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Gene Expression Profiling in Asthma

  • Joanne SordilloEmail author
  • Benjamin A. Raby
Part of the Advances in Experimental Medicine and Biology book series (AEMB, volume 795)

Abstract

Transcriptomics (gene expression profiling) refers to the quantitative and qualitative characterization of the collection of ribose nucleic acid (RNA) elements expressed in a biological system and represents one of the first truly genome-wide hypothesis-free investigative approaches in molecular biology. The advent of synthetic oligonucleotide microarray technologies has enabled large-scale application of gene expression profiling in the study of human disease, particularly malignant and hematological processes. Due to favorable characteristics of these processes, including their involvement of one cellular compartment (and often a specific, monoclonal cell type), the severity of the underlying cellular perturbation under study (malignant vs. benign cells), and the accessibility to large numbers of available banked samples obtained during clinically indicated medical procedures, the study of transcriptomics in oncology has been quite fruitful, with notable translation of these techniques to novel clinical applications with diagnostic, prognostic, and therapeutic implications. Furthermore, the discovery of large populations of noncoding RNA elements, including microRNA and long-intergenic noncoding RNA (LINCC-RNA) has expanded the scope of transciptomic profiling beyond the protein-coding messenger RNAs (mRNA).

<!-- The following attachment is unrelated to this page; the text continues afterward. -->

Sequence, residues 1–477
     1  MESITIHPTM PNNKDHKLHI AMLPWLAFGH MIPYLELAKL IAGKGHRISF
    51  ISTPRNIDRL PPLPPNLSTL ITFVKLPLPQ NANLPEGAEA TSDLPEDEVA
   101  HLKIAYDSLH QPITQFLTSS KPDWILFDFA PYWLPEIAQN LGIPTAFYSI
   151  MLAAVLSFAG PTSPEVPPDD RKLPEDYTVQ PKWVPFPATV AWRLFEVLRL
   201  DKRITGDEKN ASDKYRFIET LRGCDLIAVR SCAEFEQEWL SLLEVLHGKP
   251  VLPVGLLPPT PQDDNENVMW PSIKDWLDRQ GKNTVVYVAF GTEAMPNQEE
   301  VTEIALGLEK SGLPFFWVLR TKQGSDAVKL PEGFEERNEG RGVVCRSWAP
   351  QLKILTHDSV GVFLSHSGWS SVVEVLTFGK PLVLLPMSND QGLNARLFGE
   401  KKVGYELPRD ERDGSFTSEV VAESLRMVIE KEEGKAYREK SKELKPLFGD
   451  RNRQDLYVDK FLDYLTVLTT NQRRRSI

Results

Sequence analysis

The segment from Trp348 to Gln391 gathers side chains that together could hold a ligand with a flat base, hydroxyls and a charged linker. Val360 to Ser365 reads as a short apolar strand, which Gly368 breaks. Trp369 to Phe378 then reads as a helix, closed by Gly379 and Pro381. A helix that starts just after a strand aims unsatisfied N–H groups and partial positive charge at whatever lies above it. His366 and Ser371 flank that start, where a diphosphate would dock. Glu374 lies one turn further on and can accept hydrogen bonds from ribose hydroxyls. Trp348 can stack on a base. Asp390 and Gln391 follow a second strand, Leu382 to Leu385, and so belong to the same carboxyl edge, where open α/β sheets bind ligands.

In this chapter, we provide a brief survey of prior applications of this approach to the study of asthma, followed by an overview of the primary technical and analytical considerations that should be addressed when conducting such studies. For more detailed review of study protocols and specific analytical platforms, readers are referred to several recent publications (Matson 2009; Yakovlev et al. 2013; Dehmer et al. 2012; Rodriguez-Ezpelete et al. 2012).

Keywords

Gene expression Transcriptomics Differential expression Normalization RNA-Seq Microarray Pathway analysis Systems biology Ribose nucleic acid 

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Copyright information

© Springer Science+Business Media New York 2014

Authors and Affiliations

  1. 1.Channing Division of Network Medicine, Department of MedicineBrigham and Women’s Hospital, Harvard Medical SchoolBostonUSA

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